Abstract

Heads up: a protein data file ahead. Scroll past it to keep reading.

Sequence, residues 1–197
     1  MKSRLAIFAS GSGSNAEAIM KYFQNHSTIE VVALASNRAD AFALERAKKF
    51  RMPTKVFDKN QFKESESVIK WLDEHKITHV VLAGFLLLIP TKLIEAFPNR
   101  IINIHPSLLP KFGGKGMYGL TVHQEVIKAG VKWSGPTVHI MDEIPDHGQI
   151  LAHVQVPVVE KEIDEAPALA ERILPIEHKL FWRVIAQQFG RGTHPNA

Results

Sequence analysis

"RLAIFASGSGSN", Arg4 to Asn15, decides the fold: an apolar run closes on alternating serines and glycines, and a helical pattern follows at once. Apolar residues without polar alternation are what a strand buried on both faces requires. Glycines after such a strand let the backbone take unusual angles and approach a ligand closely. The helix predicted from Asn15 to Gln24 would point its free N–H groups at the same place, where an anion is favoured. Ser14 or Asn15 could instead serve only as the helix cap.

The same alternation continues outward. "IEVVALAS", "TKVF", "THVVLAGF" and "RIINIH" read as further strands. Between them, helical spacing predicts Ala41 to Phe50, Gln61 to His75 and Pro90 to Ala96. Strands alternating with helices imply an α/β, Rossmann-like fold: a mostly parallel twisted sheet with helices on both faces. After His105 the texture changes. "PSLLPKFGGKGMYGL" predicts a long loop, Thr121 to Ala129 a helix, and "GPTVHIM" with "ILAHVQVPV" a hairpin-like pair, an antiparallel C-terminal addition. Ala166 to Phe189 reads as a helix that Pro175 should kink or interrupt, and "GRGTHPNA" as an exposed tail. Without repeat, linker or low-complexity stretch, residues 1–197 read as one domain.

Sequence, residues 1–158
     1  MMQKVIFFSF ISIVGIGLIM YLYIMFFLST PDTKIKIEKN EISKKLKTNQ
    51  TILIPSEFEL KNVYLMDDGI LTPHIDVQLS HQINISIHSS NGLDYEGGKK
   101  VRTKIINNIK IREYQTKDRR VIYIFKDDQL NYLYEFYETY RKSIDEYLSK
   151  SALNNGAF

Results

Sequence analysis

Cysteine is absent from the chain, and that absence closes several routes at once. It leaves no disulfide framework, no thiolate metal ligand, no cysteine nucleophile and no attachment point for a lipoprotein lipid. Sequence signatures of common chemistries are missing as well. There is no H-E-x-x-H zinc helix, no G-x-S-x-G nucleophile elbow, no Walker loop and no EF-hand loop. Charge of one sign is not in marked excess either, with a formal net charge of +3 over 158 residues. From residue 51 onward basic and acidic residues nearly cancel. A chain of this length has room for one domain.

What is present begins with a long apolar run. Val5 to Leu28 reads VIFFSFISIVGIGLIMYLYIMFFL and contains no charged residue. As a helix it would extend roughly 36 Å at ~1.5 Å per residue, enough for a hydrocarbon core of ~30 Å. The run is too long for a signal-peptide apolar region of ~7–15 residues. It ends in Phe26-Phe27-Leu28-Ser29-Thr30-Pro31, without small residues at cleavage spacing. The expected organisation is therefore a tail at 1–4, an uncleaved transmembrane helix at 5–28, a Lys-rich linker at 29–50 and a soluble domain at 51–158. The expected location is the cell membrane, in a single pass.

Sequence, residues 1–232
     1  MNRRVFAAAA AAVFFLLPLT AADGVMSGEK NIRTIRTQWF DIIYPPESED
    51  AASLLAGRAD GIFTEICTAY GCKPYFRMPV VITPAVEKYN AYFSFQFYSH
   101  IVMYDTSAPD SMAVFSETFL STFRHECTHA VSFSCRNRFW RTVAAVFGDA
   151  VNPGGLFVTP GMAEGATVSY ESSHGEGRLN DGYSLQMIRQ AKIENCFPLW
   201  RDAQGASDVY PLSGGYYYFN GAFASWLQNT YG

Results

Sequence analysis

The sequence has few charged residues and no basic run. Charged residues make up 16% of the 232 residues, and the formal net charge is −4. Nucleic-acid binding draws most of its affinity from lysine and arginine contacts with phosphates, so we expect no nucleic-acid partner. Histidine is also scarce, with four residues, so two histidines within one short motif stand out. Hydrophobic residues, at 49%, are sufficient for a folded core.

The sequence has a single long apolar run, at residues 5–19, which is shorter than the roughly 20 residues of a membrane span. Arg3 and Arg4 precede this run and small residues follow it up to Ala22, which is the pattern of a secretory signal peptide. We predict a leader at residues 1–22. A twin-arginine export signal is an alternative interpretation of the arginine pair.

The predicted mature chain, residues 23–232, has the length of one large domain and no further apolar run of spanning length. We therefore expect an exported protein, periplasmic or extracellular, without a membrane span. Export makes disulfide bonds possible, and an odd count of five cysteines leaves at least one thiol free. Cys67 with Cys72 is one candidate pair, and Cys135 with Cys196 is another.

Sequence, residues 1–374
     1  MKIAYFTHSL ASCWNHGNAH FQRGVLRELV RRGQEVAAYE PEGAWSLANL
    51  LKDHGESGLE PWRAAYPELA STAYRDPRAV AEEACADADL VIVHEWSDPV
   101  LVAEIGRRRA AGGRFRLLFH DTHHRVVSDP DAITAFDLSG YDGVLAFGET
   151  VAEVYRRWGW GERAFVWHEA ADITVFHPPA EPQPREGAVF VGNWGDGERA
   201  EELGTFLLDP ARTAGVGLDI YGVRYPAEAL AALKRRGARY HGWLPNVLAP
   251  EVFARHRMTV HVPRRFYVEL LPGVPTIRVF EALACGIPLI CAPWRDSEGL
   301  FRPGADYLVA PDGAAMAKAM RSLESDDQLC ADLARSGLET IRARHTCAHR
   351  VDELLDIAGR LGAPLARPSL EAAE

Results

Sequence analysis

Abstract Allochthonous and autochthonous dissolved organic matter (DOM) and nutrient availability (nitrogen [N], phosphorus [P]) are expected to increase in lakes as a consequence of climate change. These increases can alter the planktonic food web, especially in oligotrophic systems. This study addresses the consequences of DOM and nutrient increase on heterotrophic bacterioplankton (Hbact) and phytoplankton in high‐altitude lakes. A planktonic community from a high‐altitude lake was incubated for 10 days and laboratory microcosms were subjected to a full factorial design 4 × 2 × 2 of three factors: carbon (C‐control, glucose, algal lysate, soil extract), inorganic nutrients (no added nutrients, addition of N and P) and light (light:dark cycle, dark). Hbact was co‐limited by organic C and inorganic nutrients, resulting in lower biomass and production with glucose or inorganic nutrients added alone than with the two sources added in combination. Algal‐derived DOM was more labile, more consumed, and resulted in higher bacterial production, while soil‐derived DOM was less labile and less consumed. Phytoplankton was strongly limited by inorganic nutrients. DOM additions, via the interactions with Hbact, increased phytoplankton biomass and modified the community composition. Mixotrophs increased with C under light or nutrient limitation, pointing them as major factors in controlling mixotrophy in high‐altitude lakes. Soil‐derived DOM led to higher algal biomass, higher proportion of mixotrophs, and more taxa adapted to nutrient‐enriched conditions. This study reveals a shift in planktonic interactions with changes in DOM quality and quantity. Under the projected climate change, we expect an increase in heterotrophy and a modification of trophic interactions with important repercussions on the C cycle in high‐altitude lakes.

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